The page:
Get an estimate of what you’ll pay to attend Johns Hopkins
We offer two resources to help your family estimate costs: the MyinTuition Quick College Cost Estimator and the Net Price Calculator.
These tools are a great place to start understanding the cost of a college education. You may need to gather a few documents such as taxes or pay stubs, as there will be questions about your parents’ financial situation, but it only takes about 20 minutes to complete. The idea of paying for college can seem overwhelming, but we are committed to meeting our students’ needs so they can focus on the opportunities available to them at Hopkins.
It’s a good idea to run through this exercise with each school on your list. Because each school may have its own approach to financial aid, using this tool will help you get a sense of your financial options going into your college search process.
MyinTuition Quick College Cost Estimator
This calculator asks six basic financial questions to provide you with a quick estimate of college costs, and works best for families with less complex financial situations.
Many families use a combination of current income, savings, monthly payments, and long-term borrowing to provide for educational expenses. We are here to help support you and your family as you learn about eligibility for financial aid and explore payment options.
Factors that determine family contribution include both taxed and untaxed income, income taxes paid, number of family members, number of siblings in undergraduate school, and asset strength, i.e., value of savings, investments, business, and real estate. JHU follows the basic federal needs analysis formula for all federal aid but makes adjustments to that formula when determining eligibility for JHU grant assistance. Adjustments to the basic federal formula may be made on a case-by-case basis to reflect more accurately your family’s financial strength. Examples of these institutional adjustments are calculating an allowance for high medical or secondary school expenses, evaluating depreciation and business losses, generally disallowing siblings in graduate school, and including home equity in the formula.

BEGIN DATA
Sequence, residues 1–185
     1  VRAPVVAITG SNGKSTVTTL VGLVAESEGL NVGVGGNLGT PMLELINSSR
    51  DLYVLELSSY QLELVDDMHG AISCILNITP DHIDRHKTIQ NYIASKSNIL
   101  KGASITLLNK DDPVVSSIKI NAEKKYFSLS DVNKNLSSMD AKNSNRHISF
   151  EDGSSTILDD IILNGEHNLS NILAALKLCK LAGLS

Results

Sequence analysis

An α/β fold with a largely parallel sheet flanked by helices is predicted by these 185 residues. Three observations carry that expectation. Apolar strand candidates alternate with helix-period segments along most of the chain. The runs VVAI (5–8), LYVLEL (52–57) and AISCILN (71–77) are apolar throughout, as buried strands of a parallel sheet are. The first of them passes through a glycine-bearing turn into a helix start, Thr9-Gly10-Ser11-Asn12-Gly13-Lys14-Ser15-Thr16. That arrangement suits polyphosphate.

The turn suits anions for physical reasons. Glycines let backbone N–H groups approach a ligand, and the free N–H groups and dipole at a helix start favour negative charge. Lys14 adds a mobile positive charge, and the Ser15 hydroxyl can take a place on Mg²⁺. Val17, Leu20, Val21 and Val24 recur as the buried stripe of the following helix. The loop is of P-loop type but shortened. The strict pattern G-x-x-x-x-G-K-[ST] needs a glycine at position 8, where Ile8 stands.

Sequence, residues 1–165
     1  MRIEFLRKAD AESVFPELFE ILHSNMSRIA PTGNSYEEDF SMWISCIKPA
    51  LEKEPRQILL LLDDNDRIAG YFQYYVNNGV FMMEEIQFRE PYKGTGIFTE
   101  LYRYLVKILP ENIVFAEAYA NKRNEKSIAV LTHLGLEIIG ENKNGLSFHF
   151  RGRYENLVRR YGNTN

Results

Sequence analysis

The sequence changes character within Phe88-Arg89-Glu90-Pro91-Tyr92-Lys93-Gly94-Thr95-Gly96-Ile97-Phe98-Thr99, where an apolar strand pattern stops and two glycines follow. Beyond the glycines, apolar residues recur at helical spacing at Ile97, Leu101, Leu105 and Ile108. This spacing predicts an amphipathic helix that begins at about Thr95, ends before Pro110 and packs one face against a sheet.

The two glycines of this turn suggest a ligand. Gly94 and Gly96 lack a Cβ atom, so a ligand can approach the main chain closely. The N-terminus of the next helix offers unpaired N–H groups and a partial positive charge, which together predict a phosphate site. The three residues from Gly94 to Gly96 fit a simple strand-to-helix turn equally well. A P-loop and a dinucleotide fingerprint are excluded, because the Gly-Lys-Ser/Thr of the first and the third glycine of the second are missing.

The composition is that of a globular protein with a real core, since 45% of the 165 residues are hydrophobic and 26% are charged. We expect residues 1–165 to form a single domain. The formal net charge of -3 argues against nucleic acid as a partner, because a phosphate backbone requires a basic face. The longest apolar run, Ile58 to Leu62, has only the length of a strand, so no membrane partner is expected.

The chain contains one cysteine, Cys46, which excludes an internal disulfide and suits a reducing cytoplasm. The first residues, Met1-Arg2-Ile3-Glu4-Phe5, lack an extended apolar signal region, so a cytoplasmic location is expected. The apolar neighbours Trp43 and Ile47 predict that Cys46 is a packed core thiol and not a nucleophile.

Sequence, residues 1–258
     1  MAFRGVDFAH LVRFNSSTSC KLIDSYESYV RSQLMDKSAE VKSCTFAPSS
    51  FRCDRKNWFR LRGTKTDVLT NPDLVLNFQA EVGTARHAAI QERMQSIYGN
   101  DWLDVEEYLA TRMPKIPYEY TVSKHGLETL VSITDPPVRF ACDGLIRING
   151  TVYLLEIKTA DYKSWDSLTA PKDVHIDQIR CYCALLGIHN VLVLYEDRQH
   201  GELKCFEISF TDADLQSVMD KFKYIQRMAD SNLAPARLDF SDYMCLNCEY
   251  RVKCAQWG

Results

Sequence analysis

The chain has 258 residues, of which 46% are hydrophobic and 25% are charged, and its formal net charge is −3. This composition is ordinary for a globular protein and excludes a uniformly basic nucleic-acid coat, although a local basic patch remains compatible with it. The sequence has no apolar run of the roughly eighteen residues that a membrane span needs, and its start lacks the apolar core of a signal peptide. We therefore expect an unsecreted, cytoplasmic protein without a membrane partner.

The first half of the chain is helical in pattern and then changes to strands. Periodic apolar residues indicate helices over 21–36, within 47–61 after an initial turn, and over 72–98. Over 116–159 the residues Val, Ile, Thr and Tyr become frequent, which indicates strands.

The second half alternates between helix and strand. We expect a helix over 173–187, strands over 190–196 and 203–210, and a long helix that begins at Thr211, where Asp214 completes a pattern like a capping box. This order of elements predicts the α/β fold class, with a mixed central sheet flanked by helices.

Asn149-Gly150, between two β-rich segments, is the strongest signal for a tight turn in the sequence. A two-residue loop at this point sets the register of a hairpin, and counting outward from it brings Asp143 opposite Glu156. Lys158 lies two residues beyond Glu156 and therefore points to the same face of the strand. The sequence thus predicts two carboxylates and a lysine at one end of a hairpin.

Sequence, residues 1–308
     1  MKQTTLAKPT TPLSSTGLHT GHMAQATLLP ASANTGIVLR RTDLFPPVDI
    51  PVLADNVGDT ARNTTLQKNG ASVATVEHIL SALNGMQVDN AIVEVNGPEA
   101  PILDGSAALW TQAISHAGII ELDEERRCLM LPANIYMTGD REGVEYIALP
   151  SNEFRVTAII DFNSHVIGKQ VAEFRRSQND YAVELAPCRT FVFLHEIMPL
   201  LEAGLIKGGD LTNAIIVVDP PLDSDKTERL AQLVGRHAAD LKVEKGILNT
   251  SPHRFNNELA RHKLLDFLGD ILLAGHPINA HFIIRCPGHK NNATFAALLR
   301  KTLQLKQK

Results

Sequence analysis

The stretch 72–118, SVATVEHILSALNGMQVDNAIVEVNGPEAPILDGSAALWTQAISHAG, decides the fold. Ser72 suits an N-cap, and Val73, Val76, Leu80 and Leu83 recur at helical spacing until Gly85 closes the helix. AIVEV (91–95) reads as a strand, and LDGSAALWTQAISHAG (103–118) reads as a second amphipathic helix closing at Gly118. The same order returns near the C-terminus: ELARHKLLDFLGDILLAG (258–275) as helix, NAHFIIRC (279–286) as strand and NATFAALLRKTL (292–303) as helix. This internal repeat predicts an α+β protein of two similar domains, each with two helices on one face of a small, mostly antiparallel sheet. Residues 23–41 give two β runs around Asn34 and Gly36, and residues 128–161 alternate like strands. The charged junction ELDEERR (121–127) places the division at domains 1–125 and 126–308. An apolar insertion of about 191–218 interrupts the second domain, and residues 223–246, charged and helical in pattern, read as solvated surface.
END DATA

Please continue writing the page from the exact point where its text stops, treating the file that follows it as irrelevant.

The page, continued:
We assume that students will work during the summer to help pay some of their school expenses.
Johns Hopkins University expects most students to contribute a minimum of $1,800 (for new students) and $2,600 (for returning students) from summer employment. Students are also expected to contribute from their savings and investments. In general, 20 percent of student assets are expected to be available for college costs each year.
Your aid package
Once your eligibility for aid has been established, Johns Hopkins University offers a financial aid “package,” which may consist of different types of aid from various sources.
Depending on your level of need, you may be offered a combination of grants, loans, and work opportunities. The foundation of an aid package is a “self-help” award of loans and work-study. After the self-help has been offered, your remaining financial need is met with grant assistance, depending on the availability of funds. This grant assistance may include a Johns Hopkins University Grant, Federal Pell Grant, Federal Supplemental Educational Opportunity Grant (FSEOG), and state and private scholarships.